Insurance and the Polar Vortex: Recovering Losses from the Big Chill of 2014

The first two weeks of 2014 ushered in an extraordinary weather disaster affecting most of the United States, causing extensive property damage and business interruption as a result of freezing temperatures. On January 3, 2014, a “Polar Vortex,” a circulating pattern of cold air originating in the Arctic north, was drawn south into the United States, bringing with it unusual frigid conditions, ice storms and snow. The big chill froze pipes and sprinkler systems, interrupted chemical manufacturing and disrupted transportation systems. In fact, all 50 states experienced freezing temperatures – even Hawaii. Temperatures were so cold that a polar bear kept at Chicago’s Lincoln Park Zoo was moved inside.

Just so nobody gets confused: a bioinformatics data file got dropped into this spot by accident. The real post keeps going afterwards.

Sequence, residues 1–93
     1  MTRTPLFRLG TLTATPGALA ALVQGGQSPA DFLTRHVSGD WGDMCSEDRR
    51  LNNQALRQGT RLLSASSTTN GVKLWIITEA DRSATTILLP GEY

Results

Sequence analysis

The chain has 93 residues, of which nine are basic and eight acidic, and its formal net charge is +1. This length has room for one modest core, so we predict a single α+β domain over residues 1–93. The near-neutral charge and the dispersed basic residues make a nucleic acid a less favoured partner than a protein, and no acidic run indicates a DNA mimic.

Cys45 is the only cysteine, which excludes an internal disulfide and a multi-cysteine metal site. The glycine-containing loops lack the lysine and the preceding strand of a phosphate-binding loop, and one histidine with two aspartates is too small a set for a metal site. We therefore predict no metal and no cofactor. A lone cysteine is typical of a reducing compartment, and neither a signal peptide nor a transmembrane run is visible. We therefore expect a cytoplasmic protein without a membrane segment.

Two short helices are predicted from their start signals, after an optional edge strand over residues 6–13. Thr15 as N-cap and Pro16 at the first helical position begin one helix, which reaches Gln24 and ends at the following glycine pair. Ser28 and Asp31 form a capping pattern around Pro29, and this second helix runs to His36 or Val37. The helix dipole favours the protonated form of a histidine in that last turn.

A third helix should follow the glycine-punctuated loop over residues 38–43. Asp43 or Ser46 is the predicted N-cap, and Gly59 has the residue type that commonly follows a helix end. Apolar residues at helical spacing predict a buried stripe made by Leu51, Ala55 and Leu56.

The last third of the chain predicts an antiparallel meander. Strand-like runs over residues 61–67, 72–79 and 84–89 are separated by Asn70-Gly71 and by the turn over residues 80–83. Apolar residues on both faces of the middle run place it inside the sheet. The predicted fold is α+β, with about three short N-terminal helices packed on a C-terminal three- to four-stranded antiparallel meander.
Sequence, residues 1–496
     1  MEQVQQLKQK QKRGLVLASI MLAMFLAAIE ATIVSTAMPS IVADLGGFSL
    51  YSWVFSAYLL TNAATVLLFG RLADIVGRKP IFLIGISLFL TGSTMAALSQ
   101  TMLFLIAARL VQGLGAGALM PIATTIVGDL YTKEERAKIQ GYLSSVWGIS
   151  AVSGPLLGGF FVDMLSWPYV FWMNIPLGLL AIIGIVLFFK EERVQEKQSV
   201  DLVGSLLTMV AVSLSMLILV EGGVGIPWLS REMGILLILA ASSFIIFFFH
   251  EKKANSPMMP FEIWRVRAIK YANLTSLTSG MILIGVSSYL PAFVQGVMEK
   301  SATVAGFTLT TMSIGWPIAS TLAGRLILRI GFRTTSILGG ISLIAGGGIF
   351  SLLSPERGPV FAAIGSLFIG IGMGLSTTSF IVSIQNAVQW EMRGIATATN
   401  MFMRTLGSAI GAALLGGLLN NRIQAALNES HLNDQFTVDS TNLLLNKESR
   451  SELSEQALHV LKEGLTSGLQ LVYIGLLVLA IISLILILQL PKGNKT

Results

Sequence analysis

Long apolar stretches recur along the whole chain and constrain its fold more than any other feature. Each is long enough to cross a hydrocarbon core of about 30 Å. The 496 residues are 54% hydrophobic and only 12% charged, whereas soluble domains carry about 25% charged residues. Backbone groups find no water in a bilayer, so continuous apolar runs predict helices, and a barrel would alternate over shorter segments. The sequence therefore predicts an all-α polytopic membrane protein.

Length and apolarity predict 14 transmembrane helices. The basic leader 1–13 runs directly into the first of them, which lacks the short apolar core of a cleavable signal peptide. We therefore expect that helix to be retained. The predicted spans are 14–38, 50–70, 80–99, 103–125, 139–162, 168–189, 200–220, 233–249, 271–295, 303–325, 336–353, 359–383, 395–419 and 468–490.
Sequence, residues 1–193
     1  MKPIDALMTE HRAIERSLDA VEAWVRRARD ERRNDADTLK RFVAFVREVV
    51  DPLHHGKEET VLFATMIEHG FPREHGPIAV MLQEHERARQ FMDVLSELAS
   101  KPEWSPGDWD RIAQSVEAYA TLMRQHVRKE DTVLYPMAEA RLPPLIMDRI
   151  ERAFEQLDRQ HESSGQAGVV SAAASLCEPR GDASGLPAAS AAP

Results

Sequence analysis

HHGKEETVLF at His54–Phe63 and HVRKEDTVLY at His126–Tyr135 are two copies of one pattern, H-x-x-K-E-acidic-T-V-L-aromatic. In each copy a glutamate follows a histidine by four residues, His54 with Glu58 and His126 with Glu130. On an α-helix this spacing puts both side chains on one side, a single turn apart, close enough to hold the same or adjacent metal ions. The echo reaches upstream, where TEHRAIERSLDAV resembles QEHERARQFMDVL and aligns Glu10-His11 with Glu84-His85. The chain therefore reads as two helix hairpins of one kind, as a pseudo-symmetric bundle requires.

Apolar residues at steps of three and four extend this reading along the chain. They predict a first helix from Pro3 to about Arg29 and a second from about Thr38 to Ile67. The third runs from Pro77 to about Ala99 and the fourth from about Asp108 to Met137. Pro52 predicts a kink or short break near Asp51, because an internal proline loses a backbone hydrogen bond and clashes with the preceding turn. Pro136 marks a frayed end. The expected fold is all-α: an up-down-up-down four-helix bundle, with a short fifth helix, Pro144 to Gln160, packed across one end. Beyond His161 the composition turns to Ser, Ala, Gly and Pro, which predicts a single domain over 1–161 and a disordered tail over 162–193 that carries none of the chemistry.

Preliminary estimates indicate that the Polar Vortex will cost the U.S. economy approximately $5 billion. As in any natural disaster, impacts varied by industry sector and location. Real estate assets were hit particularly hard. One of the most common impacts of the cold weather was freezing pipes. Pipe freeze-up and unfreezing damages were particularly severe in southern climes, where piping systems lack freeze protection more common in the north. Even in the northeast, property owners saw significant pipe failures. In some cases, fire sprinkler systems froze, allowing fire to spread due to the lack of fire protection.

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